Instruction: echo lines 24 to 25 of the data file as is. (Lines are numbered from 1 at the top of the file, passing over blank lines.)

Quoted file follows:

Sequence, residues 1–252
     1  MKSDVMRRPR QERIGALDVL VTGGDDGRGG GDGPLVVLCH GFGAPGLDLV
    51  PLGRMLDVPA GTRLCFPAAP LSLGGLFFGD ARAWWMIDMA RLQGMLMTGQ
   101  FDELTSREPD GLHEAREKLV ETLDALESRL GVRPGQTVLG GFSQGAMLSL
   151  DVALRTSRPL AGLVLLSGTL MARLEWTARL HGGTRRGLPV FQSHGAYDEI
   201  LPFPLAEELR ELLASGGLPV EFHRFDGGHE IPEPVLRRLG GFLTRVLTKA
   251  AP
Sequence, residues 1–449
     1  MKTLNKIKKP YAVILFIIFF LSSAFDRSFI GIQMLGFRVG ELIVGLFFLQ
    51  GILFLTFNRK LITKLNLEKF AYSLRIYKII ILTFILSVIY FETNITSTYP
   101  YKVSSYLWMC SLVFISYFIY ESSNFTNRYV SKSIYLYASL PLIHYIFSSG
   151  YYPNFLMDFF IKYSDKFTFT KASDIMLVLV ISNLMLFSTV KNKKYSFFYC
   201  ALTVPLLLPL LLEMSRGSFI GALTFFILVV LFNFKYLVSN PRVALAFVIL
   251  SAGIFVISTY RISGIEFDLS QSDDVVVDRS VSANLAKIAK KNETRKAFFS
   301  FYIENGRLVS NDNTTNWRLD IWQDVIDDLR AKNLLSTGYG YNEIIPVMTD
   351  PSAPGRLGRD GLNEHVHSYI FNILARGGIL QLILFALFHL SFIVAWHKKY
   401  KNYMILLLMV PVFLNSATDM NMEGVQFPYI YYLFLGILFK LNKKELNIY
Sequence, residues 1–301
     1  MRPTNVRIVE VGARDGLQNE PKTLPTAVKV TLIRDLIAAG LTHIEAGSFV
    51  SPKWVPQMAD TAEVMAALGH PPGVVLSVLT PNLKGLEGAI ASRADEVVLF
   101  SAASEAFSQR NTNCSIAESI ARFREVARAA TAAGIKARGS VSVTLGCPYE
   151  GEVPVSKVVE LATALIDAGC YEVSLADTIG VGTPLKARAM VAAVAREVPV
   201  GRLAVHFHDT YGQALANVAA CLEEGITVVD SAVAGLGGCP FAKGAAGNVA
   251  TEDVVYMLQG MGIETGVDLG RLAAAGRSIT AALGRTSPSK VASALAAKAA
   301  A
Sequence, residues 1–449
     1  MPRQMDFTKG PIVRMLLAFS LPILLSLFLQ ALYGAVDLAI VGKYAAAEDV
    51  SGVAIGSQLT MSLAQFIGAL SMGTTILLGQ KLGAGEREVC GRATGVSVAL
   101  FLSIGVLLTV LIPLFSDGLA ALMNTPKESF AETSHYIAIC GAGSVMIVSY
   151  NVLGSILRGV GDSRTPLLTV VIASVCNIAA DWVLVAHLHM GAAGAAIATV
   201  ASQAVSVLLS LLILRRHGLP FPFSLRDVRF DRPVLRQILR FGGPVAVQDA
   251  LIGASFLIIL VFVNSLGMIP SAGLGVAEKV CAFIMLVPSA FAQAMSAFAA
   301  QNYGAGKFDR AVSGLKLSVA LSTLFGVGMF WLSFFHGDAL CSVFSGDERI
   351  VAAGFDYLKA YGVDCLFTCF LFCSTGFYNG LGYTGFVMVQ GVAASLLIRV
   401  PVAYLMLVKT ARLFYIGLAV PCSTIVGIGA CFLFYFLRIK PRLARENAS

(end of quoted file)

   251  TEDVVYMLQG MGIETGVDLG RLAAAGRSIT AALGRTSPSK VASALAAKAA
   301  A